Traditional handicrafts of making Xuan paper
Inscribed in 2009 (4.COM) on the Representative List of the Intangible Cultural Heritage of Humanity
- Traditional handicrafts of making Xuan paper
The unique water quality and mild climate of Jing County in Anhui Province in eastern China are two of the key ingredients in the craft of making Xuan paper that thrives there. Handmade from the tough bark of the Tara Wing-Celtis or Blue Sandalwood tree and rice straw, Xuan paper is known for its strong, smooth surface, its ability to absorb water and moisten ink, and fold repeatedly without breaking. It has been widely used in calligraphy, painting and book printing. The traditional process passed down orally over generations and still followed today proceeds strictly by hand through more than a hundred steps such as steeping, washing, fermenting, bleaching, pulping, sunning and cutting – all of which lasts more than two years. The production of the ‘Paper of Ages’ or ‘King of Papers’ is a major part of the economy in Jing County, where the industry directly or indirectly employs one in nine locals and the craft is taught in local schools. True mastery of the entire complicated process is won only by a lifetime of dedicated work. Xuan paper has become synonymous with the region, where a score of artisans still keep the craft alive.
Decision 4.COM 13.25
The Committee (…) decides that [this element] satisfies the criteria for inscription on the Representative List of the Intangible Cultural Heritage of Humanity, as follows:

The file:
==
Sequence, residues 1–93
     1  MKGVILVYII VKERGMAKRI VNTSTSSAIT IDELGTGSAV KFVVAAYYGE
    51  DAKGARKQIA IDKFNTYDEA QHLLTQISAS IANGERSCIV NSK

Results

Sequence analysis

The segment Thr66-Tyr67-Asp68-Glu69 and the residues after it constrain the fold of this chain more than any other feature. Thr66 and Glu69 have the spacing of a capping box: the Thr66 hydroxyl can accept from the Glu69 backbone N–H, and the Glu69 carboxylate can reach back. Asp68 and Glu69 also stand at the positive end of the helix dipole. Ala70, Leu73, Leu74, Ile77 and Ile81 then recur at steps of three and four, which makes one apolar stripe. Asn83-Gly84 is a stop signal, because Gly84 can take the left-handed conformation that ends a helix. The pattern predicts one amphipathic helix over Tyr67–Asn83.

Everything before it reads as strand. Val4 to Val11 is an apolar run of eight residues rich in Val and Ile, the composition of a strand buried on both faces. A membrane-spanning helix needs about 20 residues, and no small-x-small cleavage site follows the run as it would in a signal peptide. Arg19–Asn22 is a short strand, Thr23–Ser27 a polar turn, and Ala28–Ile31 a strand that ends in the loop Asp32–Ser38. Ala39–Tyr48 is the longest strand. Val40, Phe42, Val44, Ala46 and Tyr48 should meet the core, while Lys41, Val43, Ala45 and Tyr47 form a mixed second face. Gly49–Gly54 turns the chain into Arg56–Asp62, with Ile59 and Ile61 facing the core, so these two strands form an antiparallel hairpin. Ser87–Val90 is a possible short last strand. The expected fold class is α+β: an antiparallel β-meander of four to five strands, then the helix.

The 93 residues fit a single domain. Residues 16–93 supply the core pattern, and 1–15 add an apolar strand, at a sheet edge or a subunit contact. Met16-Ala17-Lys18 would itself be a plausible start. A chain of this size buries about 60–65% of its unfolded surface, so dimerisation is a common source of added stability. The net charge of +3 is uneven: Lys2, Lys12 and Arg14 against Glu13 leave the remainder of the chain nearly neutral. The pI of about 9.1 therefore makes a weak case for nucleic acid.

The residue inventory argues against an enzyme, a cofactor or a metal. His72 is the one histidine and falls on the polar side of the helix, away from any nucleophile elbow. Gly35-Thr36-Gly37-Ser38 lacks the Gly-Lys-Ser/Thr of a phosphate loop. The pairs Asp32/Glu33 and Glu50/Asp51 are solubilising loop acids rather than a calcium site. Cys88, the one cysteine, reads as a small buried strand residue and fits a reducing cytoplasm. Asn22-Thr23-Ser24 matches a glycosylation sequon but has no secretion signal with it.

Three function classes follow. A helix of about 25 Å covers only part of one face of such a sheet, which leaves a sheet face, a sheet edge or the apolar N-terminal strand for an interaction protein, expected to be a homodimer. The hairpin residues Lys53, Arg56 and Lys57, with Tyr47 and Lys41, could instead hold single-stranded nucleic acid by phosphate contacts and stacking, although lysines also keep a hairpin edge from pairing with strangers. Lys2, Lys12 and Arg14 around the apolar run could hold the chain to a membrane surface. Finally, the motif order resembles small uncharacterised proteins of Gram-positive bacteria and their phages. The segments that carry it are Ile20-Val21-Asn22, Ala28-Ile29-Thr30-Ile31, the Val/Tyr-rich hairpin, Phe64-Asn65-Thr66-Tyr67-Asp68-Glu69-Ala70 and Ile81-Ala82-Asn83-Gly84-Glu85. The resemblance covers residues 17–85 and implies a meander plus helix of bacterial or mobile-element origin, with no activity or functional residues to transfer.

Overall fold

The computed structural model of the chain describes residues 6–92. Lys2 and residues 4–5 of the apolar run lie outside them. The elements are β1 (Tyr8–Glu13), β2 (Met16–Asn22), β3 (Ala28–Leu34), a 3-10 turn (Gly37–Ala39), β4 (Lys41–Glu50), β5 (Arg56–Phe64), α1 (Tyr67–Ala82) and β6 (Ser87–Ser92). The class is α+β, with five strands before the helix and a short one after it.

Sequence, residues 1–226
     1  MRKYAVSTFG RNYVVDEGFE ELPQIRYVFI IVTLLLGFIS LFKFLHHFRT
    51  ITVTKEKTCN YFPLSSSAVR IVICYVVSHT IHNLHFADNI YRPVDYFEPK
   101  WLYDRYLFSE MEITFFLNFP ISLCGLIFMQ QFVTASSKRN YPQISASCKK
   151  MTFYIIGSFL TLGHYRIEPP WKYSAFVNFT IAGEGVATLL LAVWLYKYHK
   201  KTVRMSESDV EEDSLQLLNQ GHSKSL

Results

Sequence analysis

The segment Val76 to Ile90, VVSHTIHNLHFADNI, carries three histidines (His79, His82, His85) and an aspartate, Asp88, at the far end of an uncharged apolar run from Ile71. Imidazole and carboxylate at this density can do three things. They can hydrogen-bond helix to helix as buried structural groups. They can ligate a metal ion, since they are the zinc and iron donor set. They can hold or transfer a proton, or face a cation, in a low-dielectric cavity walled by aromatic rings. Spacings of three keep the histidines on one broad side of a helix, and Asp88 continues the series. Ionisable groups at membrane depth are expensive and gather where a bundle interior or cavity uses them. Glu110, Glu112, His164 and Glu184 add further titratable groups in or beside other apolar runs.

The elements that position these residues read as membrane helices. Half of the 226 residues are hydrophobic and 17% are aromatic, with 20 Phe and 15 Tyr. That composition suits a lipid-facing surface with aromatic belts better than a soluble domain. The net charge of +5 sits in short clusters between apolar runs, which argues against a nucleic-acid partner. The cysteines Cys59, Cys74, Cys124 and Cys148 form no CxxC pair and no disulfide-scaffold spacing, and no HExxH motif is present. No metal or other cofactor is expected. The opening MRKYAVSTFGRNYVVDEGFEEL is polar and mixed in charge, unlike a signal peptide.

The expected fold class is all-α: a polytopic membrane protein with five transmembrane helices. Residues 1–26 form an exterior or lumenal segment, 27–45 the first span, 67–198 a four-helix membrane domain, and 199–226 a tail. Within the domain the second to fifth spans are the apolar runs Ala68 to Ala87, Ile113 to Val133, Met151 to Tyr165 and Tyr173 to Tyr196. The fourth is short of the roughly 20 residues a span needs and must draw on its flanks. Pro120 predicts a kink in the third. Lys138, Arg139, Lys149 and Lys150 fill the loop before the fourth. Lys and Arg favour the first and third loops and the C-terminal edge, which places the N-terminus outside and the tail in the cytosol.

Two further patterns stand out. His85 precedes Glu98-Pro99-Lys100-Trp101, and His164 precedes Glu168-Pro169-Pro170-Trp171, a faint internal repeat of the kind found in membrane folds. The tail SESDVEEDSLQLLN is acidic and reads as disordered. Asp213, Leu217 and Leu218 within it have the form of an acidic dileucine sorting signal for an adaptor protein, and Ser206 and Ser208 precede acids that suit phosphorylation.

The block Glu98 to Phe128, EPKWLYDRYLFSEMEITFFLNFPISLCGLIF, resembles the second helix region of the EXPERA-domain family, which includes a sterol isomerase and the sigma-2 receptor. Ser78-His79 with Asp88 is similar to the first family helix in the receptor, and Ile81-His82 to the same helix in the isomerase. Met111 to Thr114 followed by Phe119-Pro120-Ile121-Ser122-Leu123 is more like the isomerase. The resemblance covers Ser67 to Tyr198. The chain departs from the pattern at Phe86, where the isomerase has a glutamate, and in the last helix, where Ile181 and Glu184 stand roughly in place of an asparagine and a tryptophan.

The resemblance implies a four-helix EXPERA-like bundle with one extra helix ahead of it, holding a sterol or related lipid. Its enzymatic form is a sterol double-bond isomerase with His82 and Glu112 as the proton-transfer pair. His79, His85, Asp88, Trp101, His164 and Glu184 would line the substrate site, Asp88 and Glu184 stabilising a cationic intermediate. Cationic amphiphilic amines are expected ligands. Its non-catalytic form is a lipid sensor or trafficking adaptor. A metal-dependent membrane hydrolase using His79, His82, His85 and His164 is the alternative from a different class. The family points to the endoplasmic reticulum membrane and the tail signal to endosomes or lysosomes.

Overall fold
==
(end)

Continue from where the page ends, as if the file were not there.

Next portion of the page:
- R.1: The traditional handicrafts of making Xuan paper have been transmitted orally from generation to generation and provide the communities concerned with a sense of identity and continuity;
- R.2: Inscription on the Representative List would contribute to the visibility of intangible cultural heritage, raise awareness among young people about its importance, and promote cultural diversity and human creativity;
- R.3: The nomination describes recent efforts undertaken by various parties, proposes safeguarding measures with a clear timeline and budget allocation, and demonstrates the commitment of national and local governments as well as the communities concerned;
- R.4: The practitioners and communities concerned participated actively in the elaboration of the nomination file at all stages and expressed their free, prior and informed consent;
- R.5: The element is inscribed on the National List of Intangible Cultural Heritage administered by the Department of Intangible Cultural Heritage of the Ministry of Culture.
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